InDaily can reveal that male South Australian public servants are paid on average $13,473 more than their female colleagues – a 15 per cent pay gap.
Nearly 70 per cent of SA’s public servants are women.
The State Government’s first-ever study into the subject has found a public service gender pay gap far above the SA average of 9.8 per cent.
The South Australian average gender pay gap – defined as the difference between women’s and men’s average, weekly, full-time equivalent salary – is the lowest of any state or territory in the country.
As of June 2016, the Australian average gender pay gap was 16.2 per cent in favour of men.
The widest gap in the SA public service is among doctors, followed by executive employees and emergency service workers.
Male medical officers were paid on average $43,172 more than their female colleagues last year – a 21 per cent gender pay gap.
The average male executive employee received $27,260 more in annual salary than the average female executive – a 14 per cent gap.
Male emergency service workers were paid $8,248 more than female colleagues – an 11 per cent gap.
South Australian Commissioner for Equal Opportunity Dr Niki Vincent told InDaily it was “bizarre” and “disappointing” that the state’s public service gender pay gap was higher than that in the private sector.
According to Australian Bureau of Statistics figures, the opposite is generally true across the country: the wage gap is generally higher in the private sector than the public sector.
Those statistics include local, commonwealth and state government employees.
“It’s bizarre and it’s disappointing that in South Australia, where we have had such a strong focus on gender equality,” Vincent told InDaily.
“At least the State Government is at the point now where (it) will be able to address (the gender pay gap), now it knows it exists.
“I’d say congratulations to the South Australian Government for actually undertaking a pay audit.”
The latest SA public service gender pay gap figure, from June 2016, was lower than at the same time in 2015 (17 per cent) and 2014 (16 per cent).
The Minister for the Status of Women, Zoe Bettison, said the public service gender pay gap study was the first of its kind.
“Recognising the public sector’s gender pay gap is the first step toward addressing it, and I am pleased this informative work has been done because we can’t change what we don’t know,” Bettison said.
“I’m really pleased to see our overall pay gap decreasing are that we are tracking in the right direction.”
Today is national Equal Pay Day.
“This is an important day for our leaders to reflect on the pay gap and how we can all work to address and narrow the gap,” she said.
The only other state government to conduct a gender pay gap study of its public service was the WA Government, which found a gap of 16.3 per cent in June 2014.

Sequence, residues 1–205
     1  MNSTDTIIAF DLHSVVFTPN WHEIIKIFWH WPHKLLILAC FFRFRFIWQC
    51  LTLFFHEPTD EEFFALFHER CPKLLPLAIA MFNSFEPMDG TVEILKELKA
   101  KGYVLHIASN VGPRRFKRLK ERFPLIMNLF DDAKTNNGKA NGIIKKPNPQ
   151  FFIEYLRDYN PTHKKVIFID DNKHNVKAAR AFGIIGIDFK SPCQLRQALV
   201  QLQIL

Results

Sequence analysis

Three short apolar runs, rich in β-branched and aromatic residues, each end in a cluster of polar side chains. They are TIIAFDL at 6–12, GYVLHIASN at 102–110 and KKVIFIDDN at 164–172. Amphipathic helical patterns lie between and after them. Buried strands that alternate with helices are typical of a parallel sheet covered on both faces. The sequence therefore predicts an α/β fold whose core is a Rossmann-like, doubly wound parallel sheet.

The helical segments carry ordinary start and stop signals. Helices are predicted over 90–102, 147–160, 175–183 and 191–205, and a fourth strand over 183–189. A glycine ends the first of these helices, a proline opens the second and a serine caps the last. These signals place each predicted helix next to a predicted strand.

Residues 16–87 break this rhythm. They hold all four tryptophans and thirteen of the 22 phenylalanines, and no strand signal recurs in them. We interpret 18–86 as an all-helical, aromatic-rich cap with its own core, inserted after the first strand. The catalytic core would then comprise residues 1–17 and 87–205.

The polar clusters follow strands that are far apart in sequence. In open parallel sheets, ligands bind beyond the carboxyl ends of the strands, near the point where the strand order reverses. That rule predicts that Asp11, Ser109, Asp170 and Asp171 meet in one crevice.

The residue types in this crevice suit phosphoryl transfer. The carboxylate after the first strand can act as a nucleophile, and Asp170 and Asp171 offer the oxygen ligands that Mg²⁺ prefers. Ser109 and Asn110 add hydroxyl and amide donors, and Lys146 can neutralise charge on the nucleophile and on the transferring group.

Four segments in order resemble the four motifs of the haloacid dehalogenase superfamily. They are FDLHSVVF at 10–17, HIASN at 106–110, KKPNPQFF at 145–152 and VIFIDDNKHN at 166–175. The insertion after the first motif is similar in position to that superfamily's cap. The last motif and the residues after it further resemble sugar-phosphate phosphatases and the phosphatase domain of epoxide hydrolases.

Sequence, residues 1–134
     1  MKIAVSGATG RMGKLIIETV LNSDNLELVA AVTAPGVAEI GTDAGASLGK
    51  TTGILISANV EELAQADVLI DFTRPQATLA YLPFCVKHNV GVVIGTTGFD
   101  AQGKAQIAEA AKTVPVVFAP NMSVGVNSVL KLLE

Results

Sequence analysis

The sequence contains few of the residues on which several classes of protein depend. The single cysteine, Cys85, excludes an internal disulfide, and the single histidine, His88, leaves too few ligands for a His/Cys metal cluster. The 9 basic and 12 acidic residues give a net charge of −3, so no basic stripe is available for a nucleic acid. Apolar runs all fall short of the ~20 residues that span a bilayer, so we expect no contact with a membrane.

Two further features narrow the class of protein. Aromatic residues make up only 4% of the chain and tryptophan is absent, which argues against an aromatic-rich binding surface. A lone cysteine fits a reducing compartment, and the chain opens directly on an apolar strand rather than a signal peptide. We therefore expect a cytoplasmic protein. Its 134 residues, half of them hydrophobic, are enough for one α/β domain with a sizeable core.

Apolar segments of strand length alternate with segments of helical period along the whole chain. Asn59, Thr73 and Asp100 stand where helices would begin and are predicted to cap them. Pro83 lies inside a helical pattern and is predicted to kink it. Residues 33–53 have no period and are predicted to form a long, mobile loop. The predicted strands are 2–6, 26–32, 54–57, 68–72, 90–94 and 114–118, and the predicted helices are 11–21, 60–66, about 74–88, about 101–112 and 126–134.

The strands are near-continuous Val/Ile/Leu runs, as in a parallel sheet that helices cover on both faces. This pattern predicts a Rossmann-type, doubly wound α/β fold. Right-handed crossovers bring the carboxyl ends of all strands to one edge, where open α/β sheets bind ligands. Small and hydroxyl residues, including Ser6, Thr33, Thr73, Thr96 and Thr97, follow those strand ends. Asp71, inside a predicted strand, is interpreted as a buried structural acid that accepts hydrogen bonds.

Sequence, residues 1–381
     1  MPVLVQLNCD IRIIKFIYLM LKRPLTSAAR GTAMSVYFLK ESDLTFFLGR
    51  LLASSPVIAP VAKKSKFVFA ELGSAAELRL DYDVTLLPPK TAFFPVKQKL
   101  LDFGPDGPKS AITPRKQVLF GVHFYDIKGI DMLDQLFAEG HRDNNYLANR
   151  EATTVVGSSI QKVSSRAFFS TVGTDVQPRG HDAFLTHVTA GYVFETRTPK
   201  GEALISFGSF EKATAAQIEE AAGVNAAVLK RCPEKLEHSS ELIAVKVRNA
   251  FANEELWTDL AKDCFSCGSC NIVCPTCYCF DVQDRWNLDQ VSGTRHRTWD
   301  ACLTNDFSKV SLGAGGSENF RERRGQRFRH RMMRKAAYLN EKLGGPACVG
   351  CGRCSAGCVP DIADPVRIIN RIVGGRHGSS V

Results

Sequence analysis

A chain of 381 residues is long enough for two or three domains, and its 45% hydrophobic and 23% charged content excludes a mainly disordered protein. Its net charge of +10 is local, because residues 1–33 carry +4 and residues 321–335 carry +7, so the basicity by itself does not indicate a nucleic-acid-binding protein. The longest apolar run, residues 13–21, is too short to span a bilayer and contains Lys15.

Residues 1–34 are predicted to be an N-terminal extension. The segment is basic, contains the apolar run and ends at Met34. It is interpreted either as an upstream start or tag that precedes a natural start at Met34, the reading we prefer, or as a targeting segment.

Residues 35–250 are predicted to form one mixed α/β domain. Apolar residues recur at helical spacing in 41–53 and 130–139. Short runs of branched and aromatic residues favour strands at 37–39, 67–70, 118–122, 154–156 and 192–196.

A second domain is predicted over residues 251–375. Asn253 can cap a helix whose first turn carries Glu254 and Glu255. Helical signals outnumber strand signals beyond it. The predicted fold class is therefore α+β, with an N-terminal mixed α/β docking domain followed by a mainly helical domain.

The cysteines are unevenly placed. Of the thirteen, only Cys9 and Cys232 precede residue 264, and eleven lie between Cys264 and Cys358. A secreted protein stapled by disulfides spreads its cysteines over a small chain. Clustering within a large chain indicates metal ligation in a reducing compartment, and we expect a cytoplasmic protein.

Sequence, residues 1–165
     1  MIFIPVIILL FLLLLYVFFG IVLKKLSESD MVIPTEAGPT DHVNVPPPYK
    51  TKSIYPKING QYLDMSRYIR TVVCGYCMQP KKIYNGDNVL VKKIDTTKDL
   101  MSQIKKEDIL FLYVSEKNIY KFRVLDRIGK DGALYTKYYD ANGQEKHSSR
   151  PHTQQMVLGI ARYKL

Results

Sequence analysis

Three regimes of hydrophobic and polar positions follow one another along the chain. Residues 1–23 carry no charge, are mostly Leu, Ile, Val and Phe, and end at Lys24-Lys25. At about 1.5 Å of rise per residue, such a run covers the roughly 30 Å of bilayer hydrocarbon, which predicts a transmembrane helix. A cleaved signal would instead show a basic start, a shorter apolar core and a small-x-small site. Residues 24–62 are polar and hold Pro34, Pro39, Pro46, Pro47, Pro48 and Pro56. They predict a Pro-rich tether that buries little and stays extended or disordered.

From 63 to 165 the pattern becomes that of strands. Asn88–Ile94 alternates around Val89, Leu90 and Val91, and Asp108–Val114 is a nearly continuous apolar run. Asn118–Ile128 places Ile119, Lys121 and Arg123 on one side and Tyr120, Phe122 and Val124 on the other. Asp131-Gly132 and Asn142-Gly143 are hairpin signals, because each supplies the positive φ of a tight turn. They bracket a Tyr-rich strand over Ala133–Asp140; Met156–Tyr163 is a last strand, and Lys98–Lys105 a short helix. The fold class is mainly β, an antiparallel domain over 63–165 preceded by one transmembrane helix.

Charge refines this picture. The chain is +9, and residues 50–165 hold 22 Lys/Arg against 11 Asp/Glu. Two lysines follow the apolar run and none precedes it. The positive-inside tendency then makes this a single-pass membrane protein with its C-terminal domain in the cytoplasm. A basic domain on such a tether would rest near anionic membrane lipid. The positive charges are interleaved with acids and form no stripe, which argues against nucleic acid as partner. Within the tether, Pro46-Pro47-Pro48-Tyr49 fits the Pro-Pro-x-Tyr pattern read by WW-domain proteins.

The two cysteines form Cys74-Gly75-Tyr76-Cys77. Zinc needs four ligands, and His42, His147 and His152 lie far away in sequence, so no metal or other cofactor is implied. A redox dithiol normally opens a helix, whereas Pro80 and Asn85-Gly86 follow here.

According to the federal Workplace Gender Equality Agency, the gender pay gap is caused by “a number of interrelated work, family and societal factors, including stereotypes about the work women and men ‘should’ do, and the way women and men ‘should’ engage in the workforce”.
Vincent said the gender pay gap across the economy was the result, among other factors, of conscious and unconscious discrimination against women in employment decisions, and a failure by employers to extend career-progression opportunities equitably.
She said that there was a 4.5 per cent gender pay gap in favour of male graduates of the same university degrees, despite women on average achieving better grades at the tertiary level.
She said men were on average also offered more opportunities for training and development than their female colleagues – and were disadvantaged in career progression by more time spent away from work, especially maternity leave.
Vincent is the SA convenor of Chiefs for Gender Equity (CfGE) – a group of senior business leaders from prominent South Australian companies.
CfGE member David Martin, Managing Partner at Finlaysons said the gender pay gap was harming the economy.
“Wanting to hire or promote people who look, think and work like us is a natural inclination, but it’s not good for building diversity, or an equitable place to work — it’s also bad for business because a gender-balanced workforce leads to better performance,” he said.
“We need to find ways to eliminate entrenched bias in our recruitment processes and leadership decisions – not just because it’s fair, but also because it means greater innovation and problem-solving capacity, better productivity, reduced turnover and happier employees.”
CfGE today released a guide to combatting gender discrimination in the workplace, embedded and downloadable below.
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